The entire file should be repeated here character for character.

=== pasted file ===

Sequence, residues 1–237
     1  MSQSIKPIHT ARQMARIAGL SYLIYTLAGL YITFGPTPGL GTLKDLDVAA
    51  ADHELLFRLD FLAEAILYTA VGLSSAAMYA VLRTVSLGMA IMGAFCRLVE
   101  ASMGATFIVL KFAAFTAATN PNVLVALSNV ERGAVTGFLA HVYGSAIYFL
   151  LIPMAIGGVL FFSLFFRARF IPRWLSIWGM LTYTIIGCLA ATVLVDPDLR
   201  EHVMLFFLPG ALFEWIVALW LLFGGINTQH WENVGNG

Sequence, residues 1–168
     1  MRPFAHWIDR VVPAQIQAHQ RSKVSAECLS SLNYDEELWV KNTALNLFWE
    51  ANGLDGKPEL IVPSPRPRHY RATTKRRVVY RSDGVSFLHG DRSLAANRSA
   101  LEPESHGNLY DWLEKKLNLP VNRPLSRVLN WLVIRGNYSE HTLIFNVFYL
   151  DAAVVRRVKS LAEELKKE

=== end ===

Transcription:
Sequence, residues 1–237
     1  MSQSIKPIHT ARQMARIAGL SYLIYTLAGL YITFGPTPGL GTLKDLDVAA
    51  ADHELLFRLD FLAEAILYTA VGLSSAAMYA VLRTVSLGMA IMGAFCRLVE
   101  ASMGATFIVL KFAAFTAATN PNVLVALSNV ERGAVTGFLA HVYGSAIYFL
   151  LIPMAIGGVL FFSLFFRARF IPRWLSIWGM LTYTIIGCLA ATVLVDPDLR
   201  EHVMLFFLPG ALFEWIVALW LLFGGINTQH WENVGNG

Sequence, residues 1–168
     1  MRPFAHWIDR VVPAQIQAHQ RSKVSAECLS SLNYDEELWV KNTALNLFWE
    51  ANGLDGKPEL IVPSPRPRHY RATTKRRVVY RSDGVSFLHG DRSLAANRSA
   101  LEPESHGNLY DWLEKKLNLP VNRPLSRVLN WLVIRGNYSE HTLIFNVFYL
   151  DAAVVRRVKS LAEELKKE